Surf's up on Skookumchuck 

Calgary natives take to the Coast to surf standing waves on the sunshine coast in November chill

click to enlarge PHOTO COURTESY OF MARTY PERRY/WHITESEAMAG.COM - SUNSHINE COAST SuRFEr Neil Egsgard surfing the standing wave on Remembrance day at Skookumchuck Narrows.
  • Photo courtesy of Marty Perry/Whiteseamag.com
  • SUNSHINE COAST SuRFEr Neil Egsgard surfing the standing wave on Remembrance day at Skookumchuck Narrows.

Near the remote community of Egmont on B.C.'s Sunshine Coast, the twice-daily tidal rapids of Skookumchuck Narrows has become a bucket-list item for extreme kayakers from all over the world. But in recent years, the growing community of Canadian river surfers have taken to the inlet as well in search of its mystical waves.

"It's stunningly beautiful and incredibly powerful," said Neil Egsgard, a Calgary river surfer and co-founder of the Surf Anywhere project.

"(It's) probably one of the biggest river waves in the world. It presents a whole other level of challenge as far the river goes. There's not very many places where we surf in rivers where you need a life jacket or an air canister."

Egsgard and Surf Anywhere co-founder Jacob Quinlan drove 1,090 kilometres from Calgary to Egmont to surf the inlet on Remembrance Day weekend. This was their third trip to "The Skook" since 2007.

"People ask, 'Why would you drive that far and not just go surf the ocean?'" said Quinlan.

"When Neil and I were talking about it we said, 'Well, we're river surfers.' If you do the math on how long we spent on the board, it's like a two weeks in Westport or Tofino."

With high tidal flows lasting for hours, the standing waves allows a continuous rides for around three to five minutes, compared to ocean breaks which are swell dependant and can last just seconds each. But the Skookumchuck has a notoriety amongst all paddling communities for its treacherous waters, which can look deceptively predictable on the surface. The waters have claimed more than 10 lives amongst the crashing waves and whirlpools, including two Marine Search and Rescue personnel in 2012 when their zodiac flipped during a training exercise.

"I was paddling back up with one of the kayakers, he had spent about 30 seconds floating down the river in a whirlpool," said Egsgard.

"His entire boat was underneath the water. He was in and out of the air column but that's what he spent his entire run doing, floating around under the water waiting to come back up to the surface."

For the their first two trips to the inlet Egsgard and Quinlan had the support of professional kayaker James Mole, who knows the waters extremely well and could assist with a rescue scenario. Mole was unable to make the trip with a baby on the way, but the Calgarians were confident they could handle the rapids without kayak rescue support on their third trip.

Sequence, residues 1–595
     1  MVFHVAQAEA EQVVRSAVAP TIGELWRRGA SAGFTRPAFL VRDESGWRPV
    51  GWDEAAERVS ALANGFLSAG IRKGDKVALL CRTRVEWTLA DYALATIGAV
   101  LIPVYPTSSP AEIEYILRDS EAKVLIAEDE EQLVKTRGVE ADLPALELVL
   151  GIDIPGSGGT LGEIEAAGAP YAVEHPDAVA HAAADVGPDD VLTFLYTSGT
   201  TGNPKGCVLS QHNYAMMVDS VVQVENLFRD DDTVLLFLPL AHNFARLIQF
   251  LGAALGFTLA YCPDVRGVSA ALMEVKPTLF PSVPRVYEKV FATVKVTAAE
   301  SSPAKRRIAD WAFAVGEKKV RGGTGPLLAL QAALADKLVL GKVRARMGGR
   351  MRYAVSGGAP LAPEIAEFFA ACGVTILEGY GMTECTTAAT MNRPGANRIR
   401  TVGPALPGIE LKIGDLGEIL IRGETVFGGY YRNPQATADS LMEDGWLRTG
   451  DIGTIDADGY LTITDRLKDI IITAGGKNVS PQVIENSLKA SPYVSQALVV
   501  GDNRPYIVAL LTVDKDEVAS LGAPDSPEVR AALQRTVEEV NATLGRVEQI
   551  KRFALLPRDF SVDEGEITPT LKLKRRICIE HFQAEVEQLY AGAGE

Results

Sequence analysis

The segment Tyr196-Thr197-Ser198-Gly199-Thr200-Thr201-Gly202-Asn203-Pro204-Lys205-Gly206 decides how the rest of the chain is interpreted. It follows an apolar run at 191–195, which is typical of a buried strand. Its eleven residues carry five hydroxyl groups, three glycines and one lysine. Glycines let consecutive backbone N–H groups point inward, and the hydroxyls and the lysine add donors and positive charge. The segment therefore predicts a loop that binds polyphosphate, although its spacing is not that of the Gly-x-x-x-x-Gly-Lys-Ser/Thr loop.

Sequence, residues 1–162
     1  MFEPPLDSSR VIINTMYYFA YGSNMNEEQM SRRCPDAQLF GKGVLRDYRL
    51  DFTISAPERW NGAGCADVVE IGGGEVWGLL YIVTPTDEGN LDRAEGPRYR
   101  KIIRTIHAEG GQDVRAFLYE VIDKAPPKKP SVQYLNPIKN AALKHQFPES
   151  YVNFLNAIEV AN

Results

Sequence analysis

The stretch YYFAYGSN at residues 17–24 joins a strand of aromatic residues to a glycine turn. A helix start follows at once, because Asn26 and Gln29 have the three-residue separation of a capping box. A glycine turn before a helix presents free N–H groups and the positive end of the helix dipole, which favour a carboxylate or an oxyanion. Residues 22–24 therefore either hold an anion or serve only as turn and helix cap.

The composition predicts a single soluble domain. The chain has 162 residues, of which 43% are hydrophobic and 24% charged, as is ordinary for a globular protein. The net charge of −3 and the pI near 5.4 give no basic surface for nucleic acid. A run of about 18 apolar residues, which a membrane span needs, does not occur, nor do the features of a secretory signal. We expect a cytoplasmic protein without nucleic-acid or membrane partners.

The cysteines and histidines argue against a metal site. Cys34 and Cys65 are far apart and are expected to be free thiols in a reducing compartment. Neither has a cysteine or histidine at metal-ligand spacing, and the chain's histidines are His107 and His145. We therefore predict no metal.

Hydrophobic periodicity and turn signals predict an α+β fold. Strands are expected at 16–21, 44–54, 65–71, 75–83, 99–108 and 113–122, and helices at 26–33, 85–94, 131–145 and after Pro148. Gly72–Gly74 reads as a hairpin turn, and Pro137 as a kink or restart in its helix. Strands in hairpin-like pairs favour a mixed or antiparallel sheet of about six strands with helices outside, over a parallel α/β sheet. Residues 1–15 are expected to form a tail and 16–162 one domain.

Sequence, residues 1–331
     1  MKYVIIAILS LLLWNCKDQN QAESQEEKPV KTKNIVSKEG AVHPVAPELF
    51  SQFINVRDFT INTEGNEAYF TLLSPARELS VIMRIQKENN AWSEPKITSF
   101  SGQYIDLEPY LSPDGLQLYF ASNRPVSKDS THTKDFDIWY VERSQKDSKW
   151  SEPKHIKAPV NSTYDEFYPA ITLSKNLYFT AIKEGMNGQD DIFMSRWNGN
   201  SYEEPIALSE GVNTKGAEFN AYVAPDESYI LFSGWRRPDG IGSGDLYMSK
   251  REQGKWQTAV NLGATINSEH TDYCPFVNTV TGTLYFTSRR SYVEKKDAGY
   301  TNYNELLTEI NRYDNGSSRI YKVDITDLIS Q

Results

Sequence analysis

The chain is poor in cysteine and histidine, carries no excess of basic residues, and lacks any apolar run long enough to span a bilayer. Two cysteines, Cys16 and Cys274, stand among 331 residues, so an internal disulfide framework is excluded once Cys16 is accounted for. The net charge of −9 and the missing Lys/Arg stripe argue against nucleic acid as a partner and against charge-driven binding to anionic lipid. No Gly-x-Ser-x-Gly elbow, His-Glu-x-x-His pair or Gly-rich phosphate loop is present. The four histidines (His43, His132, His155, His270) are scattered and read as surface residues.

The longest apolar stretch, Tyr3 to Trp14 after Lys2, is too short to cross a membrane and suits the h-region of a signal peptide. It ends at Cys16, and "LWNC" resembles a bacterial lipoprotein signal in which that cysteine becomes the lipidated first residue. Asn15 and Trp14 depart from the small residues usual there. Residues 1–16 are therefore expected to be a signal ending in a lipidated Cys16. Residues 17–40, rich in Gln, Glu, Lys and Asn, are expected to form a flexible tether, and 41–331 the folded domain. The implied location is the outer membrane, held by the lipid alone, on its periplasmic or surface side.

"Conditions were perfect," said Egsgard.

"We figured out a few months ago looking at the tides that we were going to have this 12-14 knot current going through there, which meant the wave was going to be an excellent size for surfing. We caught it at the level where it was the biggest you could catch it on the fly with the board that we had."

Despite the weekend of surfing being incident-free, Quinlan was quick to point out that the Skookumchuck is not a casual river surf destination.

"This is definitely not an area where river surfers at any level could just roll up and surf it," he said.

"You definitely need a guide to do a trip like this. There's just too much you can't see just by just looking at the surface. You have to have the knowledge of the area."

With the Skookumchuck being so remote and a long drive from Calgary, Egsgard and Quinlan usually surf on the Kananaskis River and promote the sport and the development of standing waves worldwide with Surf Anywhere. They visited Pemberton this summer to advise the directors of Surf Pemberton on the new standing wave project proposed for Rutherford Creek.

"You have a phenomenal location there," said Egsgard of the Rutherford site.

You have 15 to 17 cubic metres (of water) per second flowing through, you have a concrete course already built, it's dam controlled so you can shut it off and there's a club house. It's perfect."

Egsgard believes that standing wave in Pemberton would not only spawn an organic surf community, but with the right design and execution the project could draw visitors both regionally and internationally.

"You have an opportunity to make this incredibly comfortable, welcoming, dynamic experience that can be something positive for a very wide range of people," he said.

"With such an athletic centre like Whistler where you have people from around the world coming to be there, you also have the opportunity to spread something big about the sport of river surfing. You guys could have a big impact on river surfing and surfing in general. Having guaranteed surf that's not on the Island is a pretty big draw."

For more information on the Surf Anywhere project go to surfanywhere.ca.

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